Analytic Theology and the Academic Study of Religion
- ISBN: 9780198779872
- Published By: Oxford University Press
- Published: March 2021
There is a problem with analytic theology that William Wood wishes to address with Analytic Theology and the Academic Study of Religion. Although young, analytic theology is a variant of Christian theology that is now well established, well funded, and growing. It is no mere academic fad. There is now a Journal of Analytic Theology. Analytic theologians are regularly convening at workshops and conferences. They are publishing monographs and edited volumes with prestigious publishers and in large quantities. Yet, for all this, analytic theology remains isolated in the broader world of religious studies and is often despised even within the narrower world of Christian theology as the work of politically and theologically conservative logic-choppers.
Wood holds that the status of analytic theology in the academy is partly the result of a long-standing and widespread misconception of what analytic theology is. Thus, the author provides a very helpful introduction to analytic theology in the first and second sections of the book. Wood defines analytic theology as theology that “uses the tools and methods of analytic philosophy” (3), a definition he uances but does not substantially alter as the book develops. The relation of analytic theologians to analytic philosophy is analogous to the relation of Thomas Aquinas to Aristotelian philosophy, Wood contends (50). Moreover, analytic theology is not just a way of doing theology but is an “intellectual tradition” in the (Alasdair) MacIntyrean sense of that term, in that it is a discourse with its own particular history and social network (49). Wood also provides a brief review of the historical development of analytic theology, which indicates a shift toward increasing complexity and, frankly, intellectual maturity (5–8).
Wood does more than introduce analytic theology, however. He is an apologist for analytic theology. Wood believes analytic theology deserves respect as a fully legitimate enterprise in theology and in religious studies. For Wood, the current state of marginalization is unjust and unreasonable. He takes on many criticisms of analytic theology from both scholars of religion and from nonanalytic theologians. Most of Wood’s responses follow a particular pattern: yes, some analytic theologians are guilty of academic sin x, but not all of them are guilty, and there is nothing in analytic theology that makes x inevitable.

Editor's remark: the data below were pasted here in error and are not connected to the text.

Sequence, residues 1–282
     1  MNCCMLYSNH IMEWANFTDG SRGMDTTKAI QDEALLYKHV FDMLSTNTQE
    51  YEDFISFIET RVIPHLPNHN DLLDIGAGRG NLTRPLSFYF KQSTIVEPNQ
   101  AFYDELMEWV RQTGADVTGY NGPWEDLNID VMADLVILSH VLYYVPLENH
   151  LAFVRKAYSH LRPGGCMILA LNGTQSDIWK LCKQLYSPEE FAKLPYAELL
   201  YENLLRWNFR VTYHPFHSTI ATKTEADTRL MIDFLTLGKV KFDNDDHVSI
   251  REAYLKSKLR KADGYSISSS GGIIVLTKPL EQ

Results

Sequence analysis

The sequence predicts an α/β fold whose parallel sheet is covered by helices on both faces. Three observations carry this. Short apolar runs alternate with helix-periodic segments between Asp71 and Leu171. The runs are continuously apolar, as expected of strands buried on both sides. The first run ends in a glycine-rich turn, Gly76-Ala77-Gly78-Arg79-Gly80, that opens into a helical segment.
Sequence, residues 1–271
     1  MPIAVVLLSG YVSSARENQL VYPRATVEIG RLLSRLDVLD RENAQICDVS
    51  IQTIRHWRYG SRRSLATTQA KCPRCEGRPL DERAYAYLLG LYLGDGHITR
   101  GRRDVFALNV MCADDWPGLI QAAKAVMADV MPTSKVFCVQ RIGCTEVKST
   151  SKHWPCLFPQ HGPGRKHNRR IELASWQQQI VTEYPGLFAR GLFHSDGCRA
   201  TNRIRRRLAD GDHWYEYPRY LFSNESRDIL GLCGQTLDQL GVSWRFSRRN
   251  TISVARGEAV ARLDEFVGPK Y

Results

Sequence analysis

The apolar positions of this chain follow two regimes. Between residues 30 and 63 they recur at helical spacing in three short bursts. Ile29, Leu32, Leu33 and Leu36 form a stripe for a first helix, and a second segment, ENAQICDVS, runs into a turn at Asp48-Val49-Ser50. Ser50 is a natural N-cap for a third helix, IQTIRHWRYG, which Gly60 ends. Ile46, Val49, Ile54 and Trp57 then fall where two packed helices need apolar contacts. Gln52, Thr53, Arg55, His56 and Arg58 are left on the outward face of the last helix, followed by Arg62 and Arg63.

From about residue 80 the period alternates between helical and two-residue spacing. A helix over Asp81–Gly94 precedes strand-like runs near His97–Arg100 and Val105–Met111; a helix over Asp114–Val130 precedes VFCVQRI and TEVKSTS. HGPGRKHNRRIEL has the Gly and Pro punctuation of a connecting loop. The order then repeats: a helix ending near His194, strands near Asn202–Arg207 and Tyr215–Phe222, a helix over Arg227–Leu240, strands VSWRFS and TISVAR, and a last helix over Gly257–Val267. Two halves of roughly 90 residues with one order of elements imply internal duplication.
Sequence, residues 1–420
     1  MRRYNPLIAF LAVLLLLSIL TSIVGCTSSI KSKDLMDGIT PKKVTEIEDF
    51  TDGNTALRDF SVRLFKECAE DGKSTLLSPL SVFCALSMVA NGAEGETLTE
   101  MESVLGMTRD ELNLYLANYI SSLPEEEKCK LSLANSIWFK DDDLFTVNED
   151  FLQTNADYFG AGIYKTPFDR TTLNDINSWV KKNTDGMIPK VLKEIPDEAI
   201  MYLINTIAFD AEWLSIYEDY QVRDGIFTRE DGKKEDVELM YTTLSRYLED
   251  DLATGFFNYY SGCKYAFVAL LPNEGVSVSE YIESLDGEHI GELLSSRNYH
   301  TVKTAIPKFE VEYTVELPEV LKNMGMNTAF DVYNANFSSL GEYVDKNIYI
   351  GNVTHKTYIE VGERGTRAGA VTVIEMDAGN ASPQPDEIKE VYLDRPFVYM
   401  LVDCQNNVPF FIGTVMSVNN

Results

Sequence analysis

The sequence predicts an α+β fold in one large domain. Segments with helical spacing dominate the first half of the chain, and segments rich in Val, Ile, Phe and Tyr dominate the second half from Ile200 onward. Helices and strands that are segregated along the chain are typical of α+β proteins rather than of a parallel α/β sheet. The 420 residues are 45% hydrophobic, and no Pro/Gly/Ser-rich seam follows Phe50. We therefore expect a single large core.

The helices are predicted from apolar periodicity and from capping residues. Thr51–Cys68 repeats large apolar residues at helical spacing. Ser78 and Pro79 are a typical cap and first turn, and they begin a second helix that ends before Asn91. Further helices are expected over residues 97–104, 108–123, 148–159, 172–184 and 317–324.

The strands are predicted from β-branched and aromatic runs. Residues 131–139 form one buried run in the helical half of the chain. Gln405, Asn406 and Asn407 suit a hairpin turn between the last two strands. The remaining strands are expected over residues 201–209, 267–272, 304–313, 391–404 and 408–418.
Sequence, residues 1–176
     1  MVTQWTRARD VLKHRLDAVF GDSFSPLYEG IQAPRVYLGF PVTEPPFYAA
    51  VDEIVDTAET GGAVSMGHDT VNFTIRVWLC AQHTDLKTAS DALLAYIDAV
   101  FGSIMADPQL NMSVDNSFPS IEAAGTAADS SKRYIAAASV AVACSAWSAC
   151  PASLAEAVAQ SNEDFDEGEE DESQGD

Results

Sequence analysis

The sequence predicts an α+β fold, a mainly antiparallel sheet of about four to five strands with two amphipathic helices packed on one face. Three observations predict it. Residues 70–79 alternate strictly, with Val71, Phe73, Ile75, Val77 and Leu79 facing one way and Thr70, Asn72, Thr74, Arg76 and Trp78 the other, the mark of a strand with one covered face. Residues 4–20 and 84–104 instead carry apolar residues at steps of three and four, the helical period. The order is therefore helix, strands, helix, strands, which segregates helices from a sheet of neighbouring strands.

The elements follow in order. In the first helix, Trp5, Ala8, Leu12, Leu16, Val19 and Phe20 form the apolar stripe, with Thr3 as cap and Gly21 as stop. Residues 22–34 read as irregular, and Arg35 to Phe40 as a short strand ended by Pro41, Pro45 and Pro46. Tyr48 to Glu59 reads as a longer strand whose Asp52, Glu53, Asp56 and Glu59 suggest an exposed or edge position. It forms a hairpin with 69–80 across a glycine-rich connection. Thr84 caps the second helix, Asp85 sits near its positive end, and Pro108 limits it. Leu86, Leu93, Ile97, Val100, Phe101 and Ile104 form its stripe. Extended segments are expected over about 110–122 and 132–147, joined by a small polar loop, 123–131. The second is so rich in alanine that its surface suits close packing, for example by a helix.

Wood’s responses to fellow theologians are stronger than the responses to scholars of religion. For example, Wood’s discussions of objections rooted in a wariness of conceptual idolatry and objections rooted in a Heideggerian critique of ontotheology are excellent (108–59). It is doubtful they will convince many critics, but Wood’s arguments are intelligent and healthy provocations to deeper thought.
The greatest benefit of this book, however, is Wood’s good-faith effort to establish a conversation among analytic theologians, scholars of religion, and nonanalytic theologians. Wood makes a strong case that such a conversation would be mutually beneficial. Of course, Wood challenges scholars of religion and theologians to take analytic theology more seriously as a respectable interlocutor. But he also challenges analytic theologians to engage more deeply with religious studies and with nonanalytic theology. Even those who might doubt Wood’s success in showing that analytic theology is worthy of intellectual respect will have no reason to doubt that he is helping to make analytic theology worthier of intellectual respect than it would have been otherwise.
The book does have a few weaknesses. The plural audiences gives the book an unwieldy structure. A book that addressed solely nonanalytic theologians or solely scholars of religion would have been clearer, more focused, and stronger. After all, scholars of religion are an extraordinarily diverse group, and, in a lesser way, so are Christian theologians. Even addressing one of those audiences would be difficult in a single book. Dialogues have a population limit, after all. If they are overpopulated, they become cacophonous and unproductive. The book at times feels overpopulated. The problem of structure also extends to the chapters. Some chapters are quite short, others very long; some are argued in a very focused and rigorous way, and some are more cursory, so that the reader can feel the book was stitched together hastily. The numerous typographical errors in the footnotes do not help.
Even so, Wood’s efforts succeed. Not every argument is persuasive, but Wood makes a strong case on behalf of analytic theology’s legitimacy in the world of Christian theology and in religious studies. At the very least, he demonstrates that despisers of analytic theology will need to make a stronger case against it.
Matthew B. Hale is a doctoral candidate at the Catholic University of America.Matthew HaleDate Of Review:December 27, 2021